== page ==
Tuberculosis, the last of the “great killers”, is being gradually beaten down. The report on health to the Dominion Provincial Conference said: “Accurate figures are not available for Canada as a whole, but on the basis of a study of deaths recorded for Ontario and Quebec, the death rate in 1900 appears to have been at least 200 per 100,000. By 1939 it had fallen to 52.8.” It was announced this year by the Canadian Tuberculosis Association that the death rate had fallen in 1944 to the lowest point in history, 47.7 per 100,000 population. However, in 1944 there were 5,724 deaths, of which 2,624 were in Quebec and 1,068 in Ontario. In the same year there were 15,292 cases reported by provincial health departments. That is still serious enough to demand attention.

Here, again, the need is for early recognition and treatment. Of the deaths which occurred in sanatoria during the year 1944, 75 per cent of the patients were far advanced on admission, and 17 per cent were moderately advanced. Thus, 92 per cent of those who died came too late to be effectively treated. Dr. J. J. Heagerty, Director of Public Health Services of the Department of Pensions and National Health, told the Social Security Committee in 1943: “Given an opportunity we can eliminate tuberculosis altogether in one generation.” The magazine Health and Welfare, published by the Department of National Health and Welfare, declared this year: “results give every assurance that if we are determined to follow up gains that have been made, final victory could be achieved in our generation.”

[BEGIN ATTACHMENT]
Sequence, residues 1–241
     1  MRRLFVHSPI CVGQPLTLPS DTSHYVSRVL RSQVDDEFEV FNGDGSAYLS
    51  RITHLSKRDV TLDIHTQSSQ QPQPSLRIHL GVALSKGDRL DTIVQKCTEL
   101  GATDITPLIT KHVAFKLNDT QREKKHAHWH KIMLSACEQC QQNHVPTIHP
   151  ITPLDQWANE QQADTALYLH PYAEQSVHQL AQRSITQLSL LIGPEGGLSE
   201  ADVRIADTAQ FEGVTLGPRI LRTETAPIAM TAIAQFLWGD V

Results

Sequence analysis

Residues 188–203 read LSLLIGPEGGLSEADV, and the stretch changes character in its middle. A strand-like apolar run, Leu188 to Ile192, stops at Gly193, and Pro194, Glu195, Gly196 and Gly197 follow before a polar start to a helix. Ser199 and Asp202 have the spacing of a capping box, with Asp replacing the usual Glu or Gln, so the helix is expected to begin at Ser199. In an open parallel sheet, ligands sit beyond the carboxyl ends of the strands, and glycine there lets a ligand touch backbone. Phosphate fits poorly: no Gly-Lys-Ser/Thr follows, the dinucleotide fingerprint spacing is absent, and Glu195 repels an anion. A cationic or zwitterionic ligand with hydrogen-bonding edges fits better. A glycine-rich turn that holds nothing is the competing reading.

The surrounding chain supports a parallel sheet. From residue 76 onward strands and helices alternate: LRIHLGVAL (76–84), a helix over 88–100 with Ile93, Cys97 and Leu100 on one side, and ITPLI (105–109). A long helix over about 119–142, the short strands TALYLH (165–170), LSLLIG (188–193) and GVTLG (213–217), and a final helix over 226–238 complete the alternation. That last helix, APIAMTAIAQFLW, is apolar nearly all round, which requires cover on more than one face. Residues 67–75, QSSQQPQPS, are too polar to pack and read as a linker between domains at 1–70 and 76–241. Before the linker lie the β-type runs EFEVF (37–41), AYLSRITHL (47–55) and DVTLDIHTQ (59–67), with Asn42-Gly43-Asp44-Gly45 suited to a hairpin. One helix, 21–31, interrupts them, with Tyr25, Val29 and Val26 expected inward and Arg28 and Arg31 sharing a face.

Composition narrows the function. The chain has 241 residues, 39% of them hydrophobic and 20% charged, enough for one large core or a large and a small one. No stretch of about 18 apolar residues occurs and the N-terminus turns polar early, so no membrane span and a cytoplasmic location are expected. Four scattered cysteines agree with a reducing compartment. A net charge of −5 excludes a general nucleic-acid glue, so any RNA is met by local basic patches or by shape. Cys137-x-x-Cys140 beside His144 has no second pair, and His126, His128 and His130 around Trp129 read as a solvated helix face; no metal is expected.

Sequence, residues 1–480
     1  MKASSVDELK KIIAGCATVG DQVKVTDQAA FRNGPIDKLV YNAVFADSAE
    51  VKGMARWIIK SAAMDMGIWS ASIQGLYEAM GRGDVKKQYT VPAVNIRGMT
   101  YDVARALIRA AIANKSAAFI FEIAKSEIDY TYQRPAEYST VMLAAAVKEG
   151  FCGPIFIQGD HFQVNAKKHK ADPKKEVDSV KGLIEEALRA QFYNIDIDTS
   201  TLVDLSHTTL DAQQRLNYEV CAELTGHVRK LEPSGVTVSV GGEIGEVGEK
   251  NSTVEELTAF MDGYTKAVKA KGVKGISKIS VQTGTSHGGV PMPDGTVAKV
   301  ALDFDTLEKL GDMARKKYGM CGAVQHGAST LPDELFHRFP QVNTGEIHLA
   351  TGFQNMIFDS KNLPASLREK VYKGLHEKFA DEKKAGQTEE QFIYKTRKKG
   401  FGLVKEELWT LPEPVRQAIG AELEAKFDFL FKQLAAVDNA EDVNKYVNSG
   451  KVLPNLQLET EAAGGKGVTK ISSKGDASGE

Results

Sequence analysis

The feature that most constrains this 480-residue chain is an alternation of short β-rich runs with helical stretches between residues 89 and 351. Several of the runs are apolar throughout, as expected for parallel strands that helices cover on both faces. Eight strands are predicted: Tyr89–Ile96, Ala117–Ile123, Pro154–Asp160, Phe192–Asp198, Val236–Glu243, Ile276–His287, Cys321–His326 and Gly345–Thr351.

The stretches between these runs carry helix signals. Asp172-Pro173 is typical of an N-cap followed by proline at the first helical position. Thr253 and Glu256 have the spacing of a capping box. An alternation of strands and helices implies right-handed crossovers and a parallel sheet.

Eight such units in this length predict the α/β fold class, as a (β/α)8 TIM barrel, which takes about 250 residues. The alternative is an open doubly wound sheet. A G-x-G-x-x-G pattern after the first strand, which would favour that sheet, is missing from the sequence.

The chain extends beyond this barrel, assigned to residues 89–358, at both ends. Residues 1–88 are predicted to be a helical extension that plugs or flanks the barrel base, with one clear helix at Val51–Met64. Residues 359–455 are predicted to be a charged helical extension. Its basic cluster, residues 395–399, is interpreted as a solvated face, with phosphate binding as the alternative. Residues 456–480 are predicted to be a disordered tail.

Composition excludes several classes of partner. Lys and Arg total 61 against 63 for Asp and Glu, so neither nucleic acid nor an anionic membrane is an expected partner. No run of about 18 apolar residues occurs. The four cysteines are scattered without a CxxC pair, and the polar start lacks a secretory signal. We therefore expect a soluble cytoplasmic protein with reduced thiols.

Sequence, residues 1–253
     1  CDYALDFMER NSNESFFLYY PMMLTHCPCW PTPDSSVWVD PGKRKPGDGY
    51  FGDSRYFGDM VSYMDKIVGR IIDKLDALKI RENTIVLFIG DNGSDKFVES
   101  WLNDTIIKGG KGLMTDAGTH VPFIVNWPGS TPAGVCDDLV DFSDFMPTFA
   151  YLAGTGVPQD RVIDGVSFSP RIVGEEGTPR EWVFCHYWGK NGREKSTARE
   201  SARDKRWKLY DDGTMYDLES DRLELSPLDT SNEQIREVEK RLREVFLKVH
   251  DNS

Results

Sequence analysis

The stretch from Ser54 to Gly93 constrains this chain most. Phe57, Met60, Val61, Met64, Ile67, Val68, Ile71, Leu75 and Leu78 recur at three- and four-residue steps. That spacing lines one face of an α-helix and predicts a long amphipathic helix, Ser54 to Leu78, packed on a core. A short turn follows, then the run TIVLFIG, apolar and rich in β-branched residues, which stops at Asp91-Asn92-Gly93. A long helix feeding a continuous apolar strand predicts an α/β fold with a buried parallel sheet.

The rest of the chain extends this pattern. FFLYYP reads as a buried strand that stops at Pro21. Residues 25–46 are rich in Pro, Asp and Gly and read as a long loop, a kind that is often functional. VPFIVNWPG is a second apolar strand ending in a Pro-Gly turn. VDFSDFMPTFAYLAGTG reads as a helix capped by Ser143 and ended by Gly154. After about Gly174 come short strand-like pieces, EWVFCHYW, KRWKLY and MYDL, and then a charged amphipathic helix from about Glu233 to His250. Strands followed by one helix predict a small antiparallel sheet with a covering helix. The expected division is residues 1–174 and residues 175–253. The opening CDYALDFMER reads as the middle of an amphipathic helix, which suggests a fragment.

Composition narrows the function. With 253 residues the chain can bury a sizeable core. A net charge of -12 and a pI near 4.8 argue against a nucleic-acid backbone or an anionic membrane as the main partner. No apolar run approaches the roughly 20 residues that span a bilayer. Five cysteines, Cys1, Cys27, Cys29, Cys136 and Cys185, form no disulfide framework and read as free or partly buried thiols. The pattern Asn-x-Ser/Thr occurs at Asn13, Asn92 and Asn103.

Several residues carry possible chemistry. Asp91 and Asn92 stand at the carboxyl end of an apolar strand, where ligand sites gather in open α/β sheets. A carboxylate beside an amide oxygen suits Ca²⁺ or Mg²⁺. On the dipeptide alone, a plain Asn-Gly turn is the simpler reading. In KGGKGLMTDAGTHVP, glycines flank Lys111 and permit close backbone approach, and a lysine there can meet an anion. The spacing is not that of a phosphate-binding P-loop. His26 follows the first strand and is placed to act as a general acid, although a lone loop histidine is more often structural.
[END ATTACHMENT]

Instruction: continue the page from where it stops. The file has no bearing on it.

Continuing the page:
The work of the Canadian Tuberculosis Association on a nation-wide base is well known. Its members, who support its work with dues as low as $1 have reason to be proud of the way in which it has expanded its educational and preventive work. The public contributes by buying Christmas seals, of which last year’s sales showed an increase of around 30 per cent – an indication of general realization of the great importance attached to battling tuberculosis.